M&A to keep insurers busy ‘for years’

M&A to keep insurers busy ‘for years’ | Insurance Business

M&A to keep insurers busy ‘for years’
Mergers and acquisitions in the insurance industry are now at their highest level for many years, with the weak global economic environment and regulatory changes spurring many to consider business sales, whilst low interest rates and funding costs benefit the potential buyers.
According to Moody's Investors Service, insurance M&A reached over US$200 billion through the end of Q3 2015 alone and the bounty is set to continue, according to a report, which forecasts that M&A activity will remain a staple for some years.
"M&A is often credit negative for the acquirer, although recent deals have led to a more mixed credit response, with the long-term benefits of franchise-changing deals often being significant", said Simon Harris, managing director at Moody's Global Insurance group.

Around 50% of acquirer ratings showed no rating movement or, in a few cases, even a positive rating response to announced deals.

"We expect M&A to halt only if interest rates rise significantly, or equity markets fall dramatically – although even the latter reduces sales prices. We expect that interest rates will remain at historically low levels globally and that debt-funded M&A will remain attractive for some years," Harris continued.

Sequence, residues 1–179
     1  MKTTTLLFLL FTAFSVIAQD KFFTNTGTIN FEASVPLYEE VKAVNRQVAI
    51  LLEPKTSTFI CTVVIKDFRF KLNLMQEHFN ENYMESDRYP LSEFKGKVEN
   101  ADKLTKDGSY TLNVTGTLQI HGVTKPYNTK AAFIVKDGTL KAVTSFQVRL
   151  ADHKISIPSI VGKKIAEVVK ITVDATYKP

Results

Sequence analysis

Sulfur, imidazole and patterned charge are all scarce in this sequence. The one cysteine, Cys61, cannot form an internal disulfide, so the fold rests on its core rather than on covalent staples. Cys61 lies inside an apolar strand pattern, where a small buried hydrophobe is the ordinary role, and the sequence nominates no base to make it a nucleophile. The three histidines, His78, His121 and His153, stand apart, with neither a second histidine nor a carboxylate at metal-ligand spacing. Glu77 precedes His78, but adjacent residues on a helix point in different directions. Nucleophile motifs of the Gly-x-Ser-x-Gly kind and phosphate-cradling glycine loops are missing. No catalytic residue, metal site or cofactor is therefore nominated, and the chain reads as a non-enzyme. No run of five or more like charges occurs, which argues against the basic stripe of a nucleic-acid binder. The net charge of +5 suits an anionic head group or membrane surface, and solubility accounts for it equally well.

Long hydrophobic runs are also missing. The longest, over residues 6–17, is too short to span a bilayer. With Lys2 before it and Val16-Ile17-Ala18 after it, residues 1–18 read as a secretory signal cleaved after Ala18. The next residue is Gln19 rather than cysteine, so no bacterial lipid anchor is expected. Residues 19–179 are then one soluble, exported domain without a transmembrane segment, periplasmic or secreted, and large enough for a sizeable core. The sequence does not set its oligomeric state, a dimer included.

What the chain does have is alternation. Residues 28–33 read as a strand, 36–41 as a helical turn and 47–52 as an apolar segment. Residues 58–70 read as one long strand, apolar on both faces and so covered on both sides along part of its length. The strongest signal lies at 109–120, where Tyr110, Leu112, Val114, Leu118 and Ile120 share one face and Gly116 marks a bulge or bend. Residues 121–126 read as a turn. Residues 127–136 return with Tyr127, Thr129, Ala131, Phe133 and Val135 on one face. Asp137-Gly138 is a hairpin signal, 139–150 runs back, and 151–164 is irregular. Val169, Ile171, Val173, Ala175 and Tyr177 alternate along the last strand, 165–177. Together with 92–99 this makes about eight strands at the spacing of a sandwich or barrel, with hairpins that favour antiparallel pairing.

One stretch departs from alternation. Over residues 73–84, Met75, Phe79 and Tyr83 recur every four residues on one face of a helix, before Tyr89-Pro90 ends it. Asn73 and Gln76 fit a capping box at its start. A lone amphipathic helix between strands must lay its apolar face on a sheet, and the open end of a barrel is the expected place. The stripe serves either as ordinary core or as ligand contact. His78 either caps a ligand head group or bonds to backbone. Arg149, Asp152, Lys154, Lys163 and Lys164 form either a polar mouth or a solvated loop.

Moody's notes that many insurance groups increasingly recognise the need to achieve higher scale or greater efficiency to help manage the damaging impacts of a low-return investment environment and such factors are often exacerbated by regulatory changes, such as Solvency II in Europe, or changes to the healthcare regime in the US.

This combination of factors has led many insurers or other financial institutions to consider disposals or mergers, that in many cases present 'once in a lifetime' opportunities for those groups with the financial capacity to make acquisitions in the current climate.
The analyst notes that some of the largest deals have been 'in market', notably in the US health insurance sector, with the need for greater scale, amplified by the economic and regulatory environment, a key driver.

There has also been significant cross-border deal activity as Chinese and Japanese groups have been active in the US and EMEA, with the continued appreciation of the Chinese yuan versus the US dollar and Euro providing a much stronger ability for Chinese groups to consider meaningful non-domestic acquisitions.

A case in point is Anbang Insurance Group's decision last week to buy HRG Group Inc.’s Fidelity & Guaranty Life for about US$1.6 billion in cash.
Although the Japanese Yen has shown relative depreciation against both the USD and Euro in recent years, the appetite of Japanese firms to seek non-domestic acquisitions to offset sluggish growth from domestic insurance operations has continued to be whetted.